The greatest trick Mitch McConnell ever pulled was convincing the country he didn’t exist.
The GOP’s spectacular vanishing act has left Democrats to fight amongst themselves as they struggle to govern a global superpower hamstrung by historic levels of Republican obstruction. The result has been disastrous for the nation—and Christmas every day for the Senate minority leader, who is watching with glee as Democratic lawmakers clash and Joe Biden’s ambitious agenda narrows to a pinprick.
If Democrats want to salvage their midterm election hopes after months of bruising Hill battles, they’ll need to settle for what is a far smaller but still historic Build Back Better deal—something that appeared more likely after Progressive Caucus Chair Pramila Jayapal told reporters Thursday evening that she expects the House to pass that, along with the bipartisan infrastructure bill in the next week. This isn’t done yet, but progressives look like they’re ready to settle for half a loaf and a bill half the size of the one they wanted.
If both bills then make their way past Joe Manchin and Kyrsten Sinema to become law, Democrats will need to spend every day until polls close next November forcing Republicans to explain why they wanted to kill some of the most popular domestic policies in a generation.
The GOP’s total withdrawal from representative government has worked like a charm so far. McConnell understands on a fundamental level that America’s political media is motion-activated. If Republican lawmakers sit on their hands and refuse to provide any fuel for cable-news fires, the McConnell theory goes, media outlets will quickly tighten their focus on the Democrats actually involved in the messy work of crafting laws. That lets Republicans off the hook for any shared obligation to keep the world’s pre-eminent superpower functioning.
And reader, that is exactly what’s happened.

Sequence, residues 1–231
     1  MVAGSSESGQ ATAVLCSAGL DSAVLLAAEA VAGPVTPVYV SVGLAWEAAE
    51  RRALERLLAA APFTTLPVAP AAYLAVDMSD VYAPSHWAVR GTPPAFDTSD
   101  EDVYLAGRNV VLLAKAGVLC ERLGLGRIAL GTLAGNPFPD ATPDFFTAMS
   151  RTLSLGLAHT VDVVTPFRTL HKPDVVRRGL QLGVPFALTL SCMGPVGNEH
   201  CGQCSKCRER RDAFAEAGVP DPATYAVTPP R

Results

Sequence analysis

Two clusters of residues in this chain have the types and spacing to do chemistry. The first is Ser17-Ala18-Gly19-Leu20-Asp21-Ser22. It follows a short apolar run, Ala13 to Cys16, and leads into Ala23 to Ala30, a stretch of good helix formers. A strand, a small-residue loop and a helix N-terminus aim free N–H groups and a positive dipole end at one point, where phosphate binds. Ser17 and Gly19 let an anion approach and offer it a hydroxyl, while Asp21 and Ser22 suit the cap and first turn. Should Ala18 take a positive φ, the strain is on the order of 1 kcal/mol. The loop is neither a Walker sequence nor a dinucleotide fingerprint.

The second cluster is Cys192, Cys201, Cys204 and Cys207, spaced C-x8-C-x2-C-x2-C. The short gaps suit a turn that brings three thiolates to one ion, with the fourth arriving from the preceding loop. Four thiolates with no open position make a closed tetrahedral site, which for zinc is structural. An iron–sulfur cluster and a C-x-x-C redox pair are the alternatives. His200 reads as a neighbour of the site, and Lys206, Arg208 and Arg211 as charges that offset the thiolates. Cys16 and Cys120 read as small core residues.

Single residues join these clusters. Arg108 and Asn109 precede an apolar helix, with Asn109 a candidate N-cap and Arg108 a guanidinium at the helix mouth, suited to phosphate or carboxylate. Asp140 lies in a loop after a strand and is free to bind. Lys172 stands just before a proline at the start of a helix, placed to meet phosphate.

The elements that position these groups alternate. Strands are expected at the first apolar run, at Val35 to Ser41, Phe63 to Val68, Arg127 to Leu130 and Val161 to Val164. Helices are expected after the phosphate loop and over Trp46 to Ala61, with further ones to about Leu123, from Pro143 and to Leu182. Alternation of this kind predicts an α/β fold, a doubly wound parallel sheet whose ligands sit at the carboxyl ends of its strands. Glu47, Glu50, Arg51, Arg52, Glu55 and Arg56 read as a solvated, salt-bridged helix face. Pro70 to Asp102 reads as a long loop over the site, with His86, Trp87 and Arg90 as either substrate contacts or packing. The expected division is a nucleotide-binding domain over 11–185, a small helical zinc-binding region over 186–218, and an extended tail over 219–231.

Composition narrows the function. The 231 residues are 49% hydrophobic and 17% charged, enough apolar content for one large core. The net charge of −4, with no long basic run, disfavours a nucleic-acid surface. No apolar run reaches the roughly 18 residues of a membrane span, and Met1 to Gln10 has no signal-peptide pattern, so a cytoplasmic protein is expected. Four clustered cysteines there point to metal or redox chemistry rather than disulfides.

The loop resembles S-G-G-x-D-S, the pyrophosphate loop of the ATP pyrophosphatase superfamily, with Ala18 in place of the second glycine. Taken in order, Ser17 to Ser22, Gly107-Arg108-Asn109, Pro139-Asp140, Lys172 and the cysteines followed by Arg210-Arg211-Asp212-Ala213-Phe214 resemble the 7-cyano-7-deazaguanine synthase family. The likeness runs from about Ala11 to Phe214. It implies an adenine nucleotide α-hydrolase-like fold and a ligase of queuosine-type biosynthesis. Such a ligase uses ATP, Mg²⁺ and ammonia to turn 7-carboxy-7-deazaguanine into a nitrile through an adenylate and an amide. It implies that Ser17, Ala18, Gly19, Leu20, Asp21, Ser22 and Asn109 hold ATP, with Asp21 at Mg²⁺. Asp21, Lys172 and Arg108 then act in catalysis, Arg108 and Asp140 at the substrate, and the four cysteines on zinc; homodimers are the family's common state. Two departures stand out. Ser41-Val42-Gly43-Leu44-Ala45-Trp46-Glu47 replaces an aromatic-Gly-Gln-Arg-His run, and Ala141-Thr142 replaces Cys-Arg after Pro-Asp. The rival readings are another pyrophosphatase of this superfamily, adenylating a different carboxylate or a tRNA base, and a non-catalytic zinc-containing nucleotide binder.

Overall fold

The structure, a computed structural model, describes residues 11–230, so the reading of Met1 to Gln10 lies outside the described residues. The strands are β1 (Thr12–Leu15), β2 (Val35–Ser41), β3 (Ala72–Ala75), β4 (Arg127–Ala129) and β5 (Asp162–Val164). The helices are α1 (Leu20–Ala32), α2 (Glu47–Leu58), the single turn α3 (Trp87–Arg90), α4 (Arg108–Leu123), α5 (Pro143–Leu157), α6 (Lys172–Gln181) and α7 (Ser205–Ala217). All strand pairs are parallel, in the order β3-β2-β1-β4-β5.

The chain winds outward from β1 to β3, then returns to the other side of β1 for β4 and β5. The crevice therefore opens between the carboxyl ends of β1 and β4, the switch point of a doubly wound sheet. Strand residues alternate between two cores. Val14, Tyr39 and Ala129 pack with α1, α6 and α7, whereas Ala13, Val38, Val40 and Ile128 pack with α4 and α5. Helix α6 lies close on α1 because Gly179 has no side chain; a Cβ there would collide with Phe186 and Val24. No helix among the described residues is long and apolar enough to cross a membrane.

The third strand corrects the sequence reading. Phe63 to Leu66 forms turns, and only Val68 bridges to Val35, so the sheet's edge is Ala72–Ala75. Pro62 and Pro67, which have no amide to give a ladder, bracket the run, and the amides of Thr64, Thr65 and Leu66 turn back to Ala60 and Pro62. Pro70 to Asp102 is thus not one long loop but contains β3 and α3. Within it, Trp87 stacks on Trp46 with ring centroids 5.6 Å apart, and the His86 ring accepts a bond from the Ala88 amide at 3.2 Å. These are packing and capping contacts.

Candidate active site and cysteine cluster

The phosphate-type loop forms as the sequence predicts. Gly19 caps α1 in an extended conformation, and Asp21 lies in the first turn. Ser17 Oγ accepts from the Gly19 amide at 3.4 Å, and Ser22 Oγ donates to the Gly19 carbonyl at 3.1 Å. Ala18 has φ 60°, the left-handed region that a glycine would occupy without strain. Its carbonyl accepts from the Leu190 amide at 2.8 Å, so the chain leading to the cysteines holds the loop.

Fortunately for Democrats, there’s still plenty of time until Election Day 2022 to hold Republicans accountable for their abdication of duty. And that’s built in part on the frustrating reality that most Americans have no idea what’s happening on Capitol Hill.
Most Americans simply don’t follow politics as closely as the Always Online Twitterati, or even people likely to be reading an article like this. And as shocking as it might seem to people who are, many Americans still haven’t heard anything but the vaguest discussion of Biden’s signature spending deal. Only about 10 percent of Americans say they know “a lot of the specifics” about the plan. Almost 30 percent have no idea what’s in it at all. The months of political drama as Congress tossed around numbers like $6 trillion? Lost on millions of Americans who were busy working, or taking care of children, or getting really into Peloton.
Those Americans missed most of the drama, but they’ll still feel the massive positive uplift that Biden’s nearly $3 trillion in domestic spending will bring over the next decade. The original Child Tax Credit cut child poverty by nearly half after its introduction, making it one of the most effective child anti-poverty measures in American history.
Under Biden and Democrats, that credit expands to $3,600 and remains free from obstacles like Manchin’s fetishized-but-ineffective work requirements. That’s huge both as policy—that the tax credit works is beyond argument even from most Republicans—and as politics, where over seven in 10 Democrats and nearly a third of Republicans support the credit.